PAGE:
‘If I only had a little humility, I would be perfect’: Children’s and adults’ perceptions of intellectually arrogant, humble, and diffident people

Sara Hagá, Kristina R. Olson

Research output: Contribution to journalArticlepeer-review

3 Scopus citations

Abstract

Intellectual humility is usually regarded as a virtue. In this paper, we conceptualized intellectual humility along two dimensions: (1) placing an adequate level of confidence in one’s own beliefs; (2) being willing to consider other people’s beliefs. We tested whether children (ages 4 to 11 years) and adults perceived intellectual humility as positive and how these perceptions changed across development. To do so, we asked participants to evaluate an intellectually humble person as compared to an intellectually arrogant person, who readily dismissed other people’s beliefs, or to an intellectually diffident person, who was unsure of a well-supported belief. Young children did not favor the intellectually humble person over the others, but older children and adults liked this person better and tended to consider her nicer than the arrogant one and smarter than the diffident one. These findings suggest that the virtuousness of intellectual humility in others is recognized from mid-childhood on.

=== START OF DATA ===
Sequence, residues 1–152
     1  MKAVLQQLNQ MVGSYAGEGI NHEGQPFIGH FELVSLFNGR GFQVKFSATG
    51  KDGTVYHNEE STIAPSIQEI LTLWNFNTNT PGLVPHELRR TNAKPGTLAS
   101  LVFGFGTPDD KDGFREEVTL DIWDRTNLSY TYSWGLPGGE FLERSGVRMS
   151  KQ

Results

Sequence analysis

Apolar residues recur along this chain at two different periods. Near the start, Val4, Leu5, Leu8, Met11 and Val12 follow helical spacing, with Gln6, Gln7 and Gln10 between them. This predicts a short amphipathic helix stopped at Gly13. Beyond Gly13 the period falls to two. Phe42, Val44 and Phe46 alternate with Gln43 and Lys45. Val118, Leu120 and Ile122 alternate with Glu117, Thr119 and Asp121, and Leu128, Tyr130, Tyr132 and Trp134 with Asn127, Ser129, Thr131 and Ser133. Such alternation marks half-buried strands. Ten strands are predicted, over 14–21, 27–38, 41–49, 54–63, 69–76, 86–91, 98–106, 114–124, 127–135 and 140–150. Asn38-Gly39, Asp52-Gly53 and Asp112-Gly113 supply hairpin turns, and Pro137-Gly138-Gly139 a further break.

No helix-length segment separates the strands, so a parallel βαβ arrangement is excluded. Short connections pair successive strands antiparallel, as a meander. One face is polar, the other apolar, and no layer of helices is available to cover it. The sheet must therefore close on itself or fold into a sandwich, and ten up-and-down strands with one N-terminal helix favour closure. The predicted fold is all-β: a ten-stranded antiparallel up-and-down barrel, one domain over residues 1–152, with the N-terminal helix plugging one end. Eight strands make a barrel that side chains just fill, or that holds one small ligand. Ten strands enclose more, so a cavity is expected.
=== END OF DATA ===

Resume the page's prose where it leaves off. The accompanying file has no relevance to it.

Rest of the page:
Original languageEnglish (US)
Pages (from-to)87-98
Number of pages12
JournalJournal of Positive Psychology
Volume12
Issue number1
DOIs
StatePublished - Jan 2 2017
Externally publishedYes

All Science Journal Classification (ASJC) codes

  • Psychology(all)

Keywords

  • arrogance
  • children’s perceptions
  • diffidence
  • humility
  • Intellectual humility
  • person perception
  • personality impressions
  • social cognitive development
  • social perceptions

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